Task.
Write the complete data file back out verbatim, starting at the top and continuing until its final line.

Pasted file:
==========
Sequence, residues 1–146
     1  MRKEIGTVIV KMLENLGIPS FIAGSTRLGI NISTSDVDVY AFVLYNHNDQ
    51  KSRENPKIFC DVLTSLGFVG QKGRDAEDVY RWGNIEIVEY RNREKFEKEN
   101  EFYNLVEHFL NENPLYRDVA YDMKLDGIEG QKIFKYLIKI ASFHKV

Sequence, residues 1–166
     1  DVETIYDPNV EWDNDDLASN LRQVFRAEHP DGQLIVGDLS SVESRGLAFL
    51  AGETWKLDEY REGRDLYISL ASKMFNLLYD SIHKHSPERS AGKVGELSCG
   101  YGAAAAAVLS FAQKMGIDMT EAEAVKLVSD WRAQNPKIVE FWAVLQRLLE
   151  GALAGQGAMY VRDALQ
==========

Sequence, residues 1–146
     1  MRKEIGTVIV KMLENLGIPS FIAGSTRLGI NISTSDVDVY AFVLYNHNDQ
    51  KSRENPKIFC DVLTSLGFVG QKGRDAEDVY RWGNIEIVEY RNREKFEKEN
   101  EFYNLVEHFL NENPLYRDVA YDMKLDGIEG QKIFKYLIKI ASFHKV

Sequence, residues 1–166
     1  DVETIYDPNV EWDNDDLASN LRQVFRAEHP DGQLIVGDLS SVESRGLAFL
    51  AGETWKLDEY REGRDLYISL ASKMFNLLYD SIHKHSPERS AGKVGELSCG
   101  YGAAAAAVLS FAQKMGIDMT EAEAVKLVSD WRAQNPKIVE FWAVLQRLLE
   151  GALAGQGAMY VRDALQ